Date of Award

December 2016

Degree Type

Dissertation

Degree Name

Doctor of Philosophy

Department

Physics

First Advisor

Carol J. Hirschmugl

Committee Members

Marija Gajdardziska-Josifovska, Michael Weinert, Junhong Chen, Peter Schwander

Keywords

Graphene Oxide/graphene Monoxide, Ir Spectro-microscopy, Nanocomposite, Powder Xrd, Tem, Xas

Abstract

Graphene, a two-dimensional honeycomb structure of carbon due to its high electrical and thermal conductivity, and high specific surface area, is an excellent candidate for nano-electronics and energy storage. However, it is very difficult and expensive to produce a single layered graphene by the traditional method of mechanical exfoliation of highly oriented pyrolytic graphite (HOPG). It is mainly manufactured by chemical vapor deposition (CVD) or more economically by chemical exfoliation of graphite by Hummer’s modified method. But there is a major disadvantage in using the chemical exfoliation, instead of forming single layer of pure graphene, a non-stoichiometric and insulating graphene oxide (GO) is formed. GO further needs to be reduced into graphene by either chemical or thermal method. In our work, we have synthesized and evaluated several compositions of transition metal oxides and carbon based materials. The structure and composition of materials are determined from diffraction and absorption experimental results. The diffraction techniques applied for characterization of carbon transitional metal oxides nanocomposites are selected area electron diffraction and powder x-ray diffraction. Absorption experiments used during experiments are Infrared absorption spectroscopy, UV-Vis absorption spectroscopy and X-ray absorption spectroscopy (including X-ray absorption near edge structure and Extended X-ray absorption fine structure).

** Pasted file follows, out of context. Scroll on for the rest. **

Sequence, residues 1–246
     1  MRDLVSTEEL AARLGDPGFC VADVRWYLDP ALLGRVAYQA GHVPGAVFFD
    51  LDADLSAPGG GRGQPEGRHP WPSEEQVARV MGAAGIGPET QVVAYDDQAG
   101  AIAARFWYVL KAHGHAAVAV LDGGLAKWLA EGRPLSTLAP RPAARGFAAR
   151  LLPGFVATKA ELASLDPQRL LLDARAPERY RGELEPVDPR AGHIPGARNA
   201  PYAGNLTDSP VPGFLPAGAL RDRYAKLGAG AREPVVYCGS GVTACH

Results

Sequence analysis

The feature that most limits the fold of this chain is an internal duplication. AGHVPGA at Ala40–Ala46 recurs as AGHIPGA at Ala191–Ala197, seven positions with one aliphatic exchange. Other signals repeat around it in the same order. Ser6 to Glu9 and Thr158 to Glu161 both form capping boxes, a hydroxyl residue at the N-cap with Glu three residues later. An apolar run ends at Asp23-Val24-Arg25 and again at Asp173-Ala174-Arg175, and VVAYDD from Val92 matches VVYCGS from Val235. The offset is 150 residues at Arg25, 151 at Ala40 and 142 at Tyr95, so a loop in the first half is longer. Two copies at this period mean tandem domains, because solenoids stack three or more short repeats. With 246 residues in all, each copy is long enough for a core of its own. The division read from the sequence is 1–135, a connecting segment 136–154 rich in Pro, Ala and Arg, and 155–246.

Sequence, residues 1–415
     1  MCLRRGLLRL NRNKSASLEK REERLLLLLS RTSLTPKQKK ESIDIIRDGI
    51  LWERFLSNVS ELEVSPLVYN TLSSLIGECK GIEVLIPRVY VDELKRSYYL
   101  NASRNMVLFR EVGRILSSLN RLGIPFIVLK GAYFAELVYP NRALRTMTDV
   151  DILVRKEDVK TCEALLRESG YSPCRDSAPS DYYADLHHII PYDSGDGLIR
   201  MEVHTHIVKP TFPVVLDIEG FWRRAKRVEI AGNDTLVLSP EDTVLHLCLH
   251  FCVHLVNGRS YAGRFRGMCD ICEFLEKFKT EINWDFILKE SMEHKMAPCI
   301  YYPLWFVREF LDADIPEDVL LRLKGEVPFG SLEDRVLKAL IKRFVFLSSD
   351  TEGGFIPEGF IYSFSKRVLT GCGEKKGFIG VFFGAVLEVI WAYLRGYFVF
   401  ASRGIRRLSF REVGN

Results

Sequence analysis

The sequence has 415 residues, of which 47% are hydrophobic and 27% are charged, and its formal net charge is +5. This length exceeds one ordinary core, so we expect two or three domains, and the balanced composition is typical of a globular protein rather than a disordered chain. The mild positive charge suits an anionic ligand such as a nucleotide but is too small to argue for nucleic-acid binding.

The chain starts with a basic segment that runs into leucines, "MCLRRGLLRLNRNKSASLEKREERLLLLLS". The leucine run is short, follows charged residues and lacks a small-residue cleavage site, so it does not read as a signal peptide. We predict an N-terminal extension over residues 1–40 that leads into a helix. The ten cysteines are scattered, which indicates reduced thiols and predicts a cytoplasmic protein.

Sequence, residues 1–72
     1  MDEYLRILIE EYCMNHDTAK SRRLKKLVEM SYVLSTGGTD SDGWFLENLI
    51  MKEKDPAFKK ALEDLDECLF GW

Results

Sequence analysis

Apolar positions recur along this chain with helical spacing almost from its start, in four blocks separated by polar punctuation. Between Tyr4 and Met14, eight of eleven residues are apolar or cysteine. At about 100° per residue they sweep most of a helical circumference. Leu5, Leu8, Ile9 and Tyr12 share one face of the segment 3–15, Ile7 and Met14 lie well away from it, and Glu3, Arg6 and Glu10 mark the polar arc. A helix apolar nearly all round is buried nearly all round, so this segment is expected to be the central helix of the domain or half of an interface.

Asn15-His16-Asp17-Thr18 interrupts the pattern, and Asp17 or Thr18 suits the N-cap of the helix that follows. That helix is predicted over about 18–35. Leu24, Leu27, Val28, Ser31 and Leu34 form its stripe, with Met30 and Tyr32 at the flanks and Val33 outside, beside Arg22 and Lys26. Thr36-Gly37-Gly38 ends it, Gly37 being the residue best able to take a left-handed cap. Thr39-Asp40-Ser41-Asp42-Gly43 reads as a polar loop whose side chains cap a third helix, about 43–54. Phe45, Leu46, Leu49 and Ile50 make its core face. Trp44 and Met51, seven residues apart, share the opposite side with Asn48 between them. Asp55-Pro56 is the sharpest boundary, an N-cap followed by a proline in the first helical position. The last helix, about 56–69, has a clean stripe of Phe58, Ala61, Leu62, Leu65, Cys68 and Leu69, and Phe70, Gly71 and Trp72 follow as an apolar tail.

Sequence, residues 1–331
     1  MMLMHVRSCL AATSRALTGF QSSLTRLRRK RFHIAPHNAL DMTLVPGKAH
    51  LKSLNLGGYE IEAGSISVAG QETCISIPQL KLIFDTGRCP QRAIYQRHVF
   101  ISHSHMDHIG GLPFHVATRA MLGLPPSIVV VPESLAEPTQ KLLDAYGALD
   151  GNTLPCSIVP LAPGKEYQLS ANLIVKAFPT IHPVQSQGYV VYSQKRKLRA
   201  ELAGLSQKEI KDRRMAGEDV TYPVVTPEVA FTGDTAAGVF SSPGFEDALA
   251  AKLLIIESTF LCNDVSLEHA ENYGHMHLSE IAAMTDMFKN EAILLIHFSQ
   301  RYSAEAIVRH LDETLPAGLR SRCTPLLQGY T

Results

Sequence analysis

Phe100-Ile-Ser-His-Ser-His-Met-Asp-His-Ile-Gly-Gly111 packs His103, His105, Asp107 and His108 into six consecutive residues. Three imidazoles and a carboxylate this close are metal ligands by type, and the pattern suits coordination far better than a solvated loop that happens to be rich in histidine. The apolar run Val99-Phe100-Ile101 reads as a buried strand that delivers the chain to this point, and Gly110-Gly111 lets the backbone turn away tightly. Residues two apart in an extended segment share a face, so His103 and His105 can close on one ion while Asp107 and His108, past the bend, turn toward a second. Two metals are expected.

Available for download on Thursday, January 03, 2019

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